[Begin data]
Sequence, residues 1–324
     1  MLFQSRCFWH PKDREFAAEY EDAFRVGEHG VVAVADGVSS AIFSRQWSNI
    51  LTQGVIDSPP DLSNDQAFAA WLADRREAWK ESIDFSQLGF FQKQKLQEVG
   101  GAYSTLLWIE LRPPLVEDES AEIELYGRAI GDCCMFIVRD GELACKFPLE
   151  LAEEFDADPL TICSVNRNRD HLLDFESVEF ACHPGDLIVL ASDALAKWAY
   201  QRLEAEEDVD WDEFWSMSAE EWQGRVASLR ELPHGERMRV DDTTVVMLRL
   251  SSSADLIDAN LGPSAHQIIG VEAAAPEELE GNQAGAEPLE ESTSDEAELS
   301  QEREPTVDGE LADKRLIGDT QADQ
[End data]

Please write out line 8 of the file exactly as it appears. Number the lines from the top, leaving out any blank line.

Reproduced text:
   301  QEREPTVDGE LADKRLIGDT QADQ